From The Sims Wiki, a collaborative database for The Sims series
Jump to navigation Jump to search
This page is a help page
It is meant to detail processes or procedures of some aspect or aspects of The Sims Wiki's norms and practices. It is not a policy page.

A redirect is a method of automatically forwarding readers from one page to another. When a user visits a page that has been designated as a redirect, they will automatically be forwarded to a different page. Redirects are often used when a subject can go by different names, has alternative spellings, or is frequently misspelled.

Creating redirects[edit source]

A page can be designated as a redirect by adding the following wikitext code to the very first line:

#REDIRECT [[Target page name]]

where Target page name is the name of the destination page. For example, #REDIRECT [[France]] would redirect the page to the France article.

It is also possible to create a redirect to a specific section of the destination page. For example, #REDIRECT [[France#History]] would redirect the page to the History section of the France article.

The word #REDIRECT is not case-sensitive, but there may not be a space before the # symbol, or the redirect will not work. Text placed on a separate line after the #REDIRECT code is ignored and will only be displayed when viewing the redirect page directly; this can be used to add categories to redirects. The #REDIRECT code cannot be used with magic words or templates, and they cannot redirect to interwiki or external links.

Viewing redirects[edit source]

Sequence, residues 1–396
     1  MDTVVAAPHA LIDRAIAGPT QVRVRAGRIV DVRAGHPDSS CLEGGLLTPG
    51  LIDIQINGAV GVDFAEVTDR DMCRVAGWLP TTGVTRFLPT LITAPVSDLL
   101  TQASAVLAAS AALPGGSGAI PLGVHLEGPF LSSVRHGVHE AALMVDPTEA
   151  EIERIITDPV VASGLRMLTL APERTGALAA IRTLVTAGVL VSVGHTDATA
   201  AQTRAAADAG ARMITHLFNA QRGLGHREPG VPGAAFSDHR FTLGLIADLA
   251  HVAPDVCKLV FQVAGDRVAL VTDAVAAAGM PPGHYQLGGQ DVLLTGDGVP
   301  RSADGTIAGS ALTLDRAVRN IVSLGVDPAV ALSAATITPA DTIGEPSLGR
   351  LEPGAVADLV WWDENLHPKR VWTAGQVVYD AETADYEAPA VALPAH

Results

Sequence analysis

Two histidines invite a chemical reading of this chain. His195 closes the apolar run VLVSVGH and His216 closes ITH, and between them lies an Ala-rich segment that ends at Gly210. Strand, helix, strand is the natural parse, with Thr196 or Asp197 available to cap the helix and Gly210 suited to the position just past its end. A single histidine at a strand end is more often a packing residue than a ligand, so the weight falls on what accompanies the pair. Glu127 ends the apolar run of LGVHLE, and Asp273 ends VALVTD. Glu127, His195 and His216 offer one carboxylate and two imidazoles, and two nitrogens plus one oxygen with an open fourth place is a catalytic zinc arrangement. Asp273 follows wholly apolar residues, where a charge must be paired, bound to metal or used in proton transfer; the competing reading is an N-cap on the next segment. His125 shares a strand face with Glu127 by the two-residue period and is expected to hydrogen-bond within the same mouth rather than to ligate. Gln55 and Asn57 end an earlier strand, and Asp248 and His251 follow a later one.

Once a page has been redirected, attempting to visit that page will automatically redirect you to the destination page instead. When this happens, a note will appear at the top of the page, just underneath the page title, informing you that you have been redirected, along with a link to the page title that you had initially followed. For example, if the "Transportation" article was redirected to "Transport", attempting to visit the "Transportation" article will redirect you to "Transport", with the following note at the top of the page.


From The Sims Wiki, a collaborative database for The Sims series

(Redirected from Transportation)

Clicking on "Transportation" will direct you to the redirect page, which appears like this.


From The Sims Wiki, a collaborative database for The Sims series

Redirect page

Redirectltr.png Transport

You can also go directly to the redirect page by adding ?redirect=no to the end of the URL for the redirect page. For example, to get to the "Transportation" redirect page, type into the address bar. (If a question mark has already been used in the URL, say for instance, you need to use &redirect=no instead, as follows:

When viewing a redirect page, you can do all the things you can normally do on regular pages: you can access the redirect's talk page, view its page history, or edit it.

Removing redirects[edit source]

Redirects can be removed by going to the redirect page, editing it, and then removing the #REDIRECT [[Target page name]] code. The page will then become a normal page and will no longer automatically redirect to another page. You can also change the redirect target by changing Target page name to a different name.

Removing a redirect does not delete it, and any other editor can revert the removal of a redirect to restore it. Only administrators can delete a redirect page, which will hide its page history from public view.

Viewing the redirects for a page[edit source]

You can see a list of all redirects that point to a page by going to that page and visiting the What Links Here page for it. Redirects will be shown on the list and be marked as such.

Moving pages[edit source]

Main article: Help:Moving a page